Return a new RDD that is reduced into numPartitions partitions.
This results in a narrow dependency, e.g. if you go from 1000 partitions to 100 partitions, there will not be a shuffle, instead, each of the 100 new partitions will claim 10 of the current partitions.
However, if you’re doing a drastic coalesce, e.g. to numPartitions = 1, this may result in your computation taking place on fewer nodes than you like (e.g. one node in the case of numPartitions = 1). To avoid this, you can pass shuffle = true. This will add a shuffle step but means the current upstream partitions will be executed in parallel (per whatever the current partitioning is).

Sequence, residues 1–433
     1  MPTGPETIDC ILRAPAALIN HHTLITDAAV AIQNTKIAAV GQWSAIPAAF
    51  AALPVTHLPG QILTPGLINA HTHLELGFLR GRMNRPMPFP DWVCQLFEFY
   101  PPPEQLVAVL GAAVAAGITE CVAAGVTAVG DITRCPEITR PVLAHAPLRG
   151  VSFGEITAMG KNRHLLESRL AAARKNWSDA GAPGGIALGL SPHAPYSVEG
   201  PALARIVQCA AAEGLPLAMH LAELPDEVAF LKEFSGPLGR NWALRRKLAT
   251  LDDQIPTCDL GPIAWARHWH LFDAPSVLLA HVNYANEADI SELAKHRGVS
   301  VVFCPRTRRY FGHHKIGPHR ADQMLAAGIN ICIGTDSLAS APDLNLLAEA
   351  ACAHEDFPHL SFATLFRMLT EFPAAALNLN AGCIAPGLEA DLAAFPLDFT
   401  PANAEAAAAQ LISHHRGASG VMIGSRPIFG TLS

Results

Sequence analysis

Note: With shuffle = true, you can actually coalesce to a larger number of partitions. This is useful if you have a small number of partitions, say 100, potentially with a few partitions being abnormally large. Calling coalesce(1000, shuffle = true) will result in 1000 partitions with the data distributed using a hash partitioner.
It changes a number of the partition where data is stored. It combines original partitions to a new number of partitions, so it reduces the number of partitions. It is an optimized version of repartition that allows data movement, but only if you are decreasing the number of RDD partitions. It runs operations more efficiently after filtering large datasets.
val myrdd1 = sc.parallelize(1 to 1000, 15)
val myrdd2 = myrdd1.coalesce(5,false)
Int = 5